This post is a one in the “Rethink Cybersecurity” series. Additional posts in this series are available here
Whose job is it to secure cyberspace?
The U.S. Constitution clearly states that among government’s obligations are to “provide for the common defense and promote the general welfare.” However, it also states that the government is created by “we the people” implying there is more than a hands-off responsibility for the private sector to help achieve these goals.
This has never been truer than in the digital age when the cyber systems operated by both the private and public sectors to promote the general welfare are under constant attack and demand a modern, truly collaborative, defense model. This requires creating a cybersecurity policy and strategy by the Federal government to effectively fulfill its constitutional obligations and define a viable and appropriate role for the private sector.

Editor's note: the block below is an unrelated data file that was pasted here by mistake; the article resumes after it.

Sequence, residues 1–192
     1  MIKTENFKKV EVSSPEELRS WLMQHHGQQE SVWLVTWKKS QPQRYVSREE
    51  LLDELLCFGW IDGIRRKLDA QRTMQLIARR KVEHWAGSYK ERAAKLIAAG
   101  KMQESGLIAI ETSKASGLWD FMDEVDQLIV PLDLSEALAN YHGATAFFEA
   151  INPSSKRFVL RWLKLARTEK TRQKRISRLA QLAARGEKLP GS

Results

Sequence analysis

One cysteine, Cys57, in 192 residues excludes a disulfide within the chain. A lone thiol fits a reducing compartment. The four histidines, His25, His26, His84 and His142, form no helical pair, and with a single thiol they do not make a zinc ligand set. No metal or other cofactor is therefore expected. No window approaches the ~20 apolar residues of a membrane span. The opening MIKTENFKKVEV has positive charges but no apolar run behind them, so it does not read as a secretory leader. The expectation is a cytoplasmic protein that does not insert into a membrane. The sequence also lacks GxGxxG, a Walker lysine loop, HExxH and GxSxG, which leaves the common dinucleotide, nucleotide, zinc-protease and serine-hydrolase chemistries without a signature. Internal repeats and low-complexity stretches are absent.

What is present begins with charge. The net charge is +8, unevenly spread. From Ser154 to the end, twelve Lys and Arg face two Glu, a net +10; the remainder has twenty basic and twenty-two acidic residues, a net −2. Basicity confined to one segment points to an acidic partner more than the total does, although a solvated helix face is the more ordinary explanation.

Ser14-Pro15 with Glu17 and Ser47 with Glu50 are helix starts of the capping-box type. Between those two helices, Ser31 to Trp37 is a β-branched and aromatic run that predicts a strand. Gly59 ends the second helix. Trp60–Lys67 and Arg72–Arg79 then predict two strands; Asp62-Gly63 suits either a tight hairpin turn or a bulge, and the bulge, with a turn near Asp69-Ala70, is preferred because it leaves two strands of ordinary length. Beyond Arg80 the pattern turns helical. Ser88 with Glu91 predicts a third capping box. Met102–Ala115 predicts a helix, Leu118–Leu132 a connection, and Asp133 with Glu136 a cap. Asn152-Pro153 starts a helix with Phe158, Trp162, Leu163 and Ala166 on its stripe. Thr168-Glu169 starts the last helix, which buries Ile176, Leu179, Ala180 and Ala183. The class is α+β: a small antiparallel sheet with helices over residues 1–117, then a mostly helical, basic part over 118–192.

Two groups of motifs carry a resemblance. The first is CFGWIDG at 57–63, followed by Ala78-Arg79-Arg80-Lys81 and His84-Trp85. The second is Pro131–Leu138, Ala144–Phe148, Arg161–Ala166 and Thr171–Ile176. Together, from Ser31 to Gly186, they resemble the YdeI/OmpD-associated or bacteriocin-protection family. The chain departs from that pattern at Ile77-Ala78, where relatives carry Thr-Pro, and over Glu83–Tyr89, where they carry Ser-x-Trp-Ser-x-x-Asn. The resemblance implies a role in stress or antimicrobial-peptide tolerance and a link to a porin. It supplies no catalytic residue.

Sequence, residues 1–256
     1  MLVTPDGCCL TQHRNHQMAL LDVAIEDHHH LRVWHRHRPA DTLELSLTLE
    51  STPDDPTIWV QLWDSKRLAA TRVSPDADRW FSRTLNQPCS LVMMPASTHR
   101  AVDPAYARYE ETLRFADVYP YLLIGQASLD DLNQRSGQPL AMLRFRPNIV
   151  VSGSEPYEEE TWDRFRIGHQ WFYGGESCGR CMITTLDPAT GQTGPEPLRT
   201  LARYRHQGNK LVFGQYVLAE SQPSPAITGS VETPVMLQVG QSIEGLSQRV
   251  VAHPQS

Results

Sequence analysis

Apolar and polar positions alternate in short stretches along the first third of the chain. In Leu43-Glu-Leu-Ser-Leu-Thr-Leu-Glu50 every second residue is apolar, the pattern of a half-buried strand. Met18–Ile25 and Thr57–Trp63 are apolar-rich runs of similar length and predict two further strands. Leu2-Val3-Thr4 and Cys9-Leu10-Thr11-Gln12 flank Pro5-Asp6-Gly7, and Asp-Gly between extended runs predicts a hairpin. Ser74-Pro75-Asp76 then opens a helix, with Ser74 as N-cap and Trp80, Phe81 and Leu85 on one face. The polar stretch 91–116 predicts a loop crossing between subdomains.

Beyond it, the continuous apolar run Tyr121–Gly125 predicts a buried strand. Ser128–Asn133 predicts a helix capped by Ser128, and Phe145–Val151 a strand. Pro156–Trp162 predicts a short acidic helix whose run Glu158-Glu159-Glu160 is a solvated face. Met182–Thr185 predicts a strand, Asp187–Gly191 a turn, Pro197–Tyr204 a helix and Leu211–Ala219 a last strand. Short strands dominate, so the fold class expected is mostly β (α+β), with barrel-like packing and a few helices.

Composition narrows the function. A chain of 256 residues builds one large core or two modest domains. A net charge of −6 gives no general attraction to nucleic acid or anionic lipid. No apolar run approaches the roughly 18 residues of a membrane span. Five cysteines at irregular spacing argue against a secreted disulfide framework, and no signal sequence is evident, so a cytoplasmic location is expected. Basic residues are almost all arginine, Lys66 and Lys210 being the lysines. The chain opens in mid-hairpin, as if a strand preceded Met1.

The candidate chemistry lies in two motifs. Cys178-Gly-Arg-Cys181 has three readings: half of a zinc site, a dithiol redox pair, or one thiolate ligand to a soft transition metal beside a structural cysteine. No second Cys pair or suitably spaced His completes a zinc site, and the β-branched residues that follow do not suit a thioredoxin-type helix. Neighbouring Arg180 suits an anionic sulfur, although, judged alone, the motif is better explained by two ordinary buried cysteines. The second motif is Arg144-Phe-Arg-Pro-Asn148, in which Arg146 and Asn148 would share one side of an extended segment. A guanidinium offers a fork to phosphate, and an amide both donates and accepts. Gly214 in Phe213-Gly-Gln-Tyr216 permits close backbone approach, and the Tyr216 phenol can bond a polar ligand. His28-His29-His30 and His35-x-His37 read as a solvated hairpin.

When creating the joint industry-government Policy Leadership Working Group in 2017, DHS Assistant Secretary for Cybersecurity and Communications Jeanette Manfra noted that “government and industry must work together now more than ever if we are serious about improving our collective defense. We cannot secure the homeland alone and a company can’t single-handedly defend itself from a nation state attacker.”
Yet. after years of trying, the nature and degree of this relationship and each sector’s roles and responsibilities is still unclear. Some in government have argued that if a private entity has risk, it is responsible for securing itself from that risk. However, that, sort of simplistic analysis fails to consider that in the information age private entitles are regularly being attacked by nation-state actors (and affiliated nation-state actors) from which they can never hope to adequately defend as the Solar Winds and Microsoft Serve attacks proved.